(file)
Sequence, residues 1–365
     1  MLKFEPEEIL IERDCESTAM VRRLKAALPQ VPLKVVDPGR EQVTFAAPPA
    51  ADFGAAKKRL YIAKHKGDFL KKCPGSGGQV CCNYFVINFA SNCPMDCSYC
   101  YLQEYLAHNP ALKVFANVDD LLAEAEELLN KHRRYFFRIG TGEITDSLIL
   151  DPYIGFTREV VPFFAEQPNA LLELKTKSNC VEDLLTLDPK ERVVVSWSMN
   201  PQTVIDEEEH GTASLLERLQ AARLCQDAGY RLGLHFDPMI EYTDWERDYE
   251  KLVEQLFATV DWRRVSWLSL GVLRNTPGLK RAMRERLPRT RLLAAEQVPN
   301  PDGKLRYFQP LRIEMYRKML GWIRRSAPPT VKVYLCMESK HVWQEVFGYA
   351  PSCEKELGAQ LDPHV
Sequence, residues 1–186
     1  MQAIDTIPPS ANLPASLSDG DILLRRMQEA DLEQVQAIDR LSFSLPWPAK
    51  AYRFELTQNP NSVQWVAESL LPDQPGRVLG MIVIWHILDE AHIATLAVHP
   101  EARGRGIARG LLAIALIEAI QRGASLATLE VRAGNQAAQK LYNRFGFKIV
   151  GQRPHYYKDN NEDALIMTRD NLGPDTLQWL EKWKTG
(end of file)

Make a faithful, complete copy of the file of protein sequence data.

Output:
Sequence, residues 1–365
     1  MLKFEPEEIL IERDCESTAM VRRLKAALPQ VPLKVVDPGR EQVTFAAPPA
    51  ADFGAAKKRL YIAKHKGDFL KKCPGSGGQV CCNYFVINFA SNCPMDCSYC
   101  YLQEYLAHNP ALKVFANVDD LLAEAEELLN KHRRYFFRIG TGEITDSLIL
   151  DPYIGFTREV VPFFAEQPNA LLELKTKSNC VEDLLTLDPK ERVVVSWSMN
   201  PQTVIDEEEH GTASLLERLQ AARLCQDAGY RLGLHFDPMI EYTDWERDYE
   251  KLVEQLFATV DWRRVSWLSL GVLRNTPGLK RAMRERLPRT RLLAAEQVPN
   301  PDGKLRYFQP LRIEMYRKML GWIRRSAPPT VKVYLCMESK HVWQEVFGYA
   351  PSCEKELGAQ LDPHV
Sequence, residues 1–186
     1  MQAIDTIPPS ANLPASLSDG DILLRRMQEA DLEQVQAIDR LSFSLPWPAK
    51  AYRFELTQNP NSVQWVAESL LPDQPGRVLG MIVIWHILDE AHIATLAVHP
   101  EARGRGIARG LLAIALIEAI QRGASLATLE VRAGNQAAQK LYNRFGFKIV
   151  GQRPHYYKDN NEDALIMTRD NLGPDTLQWL EKWKTG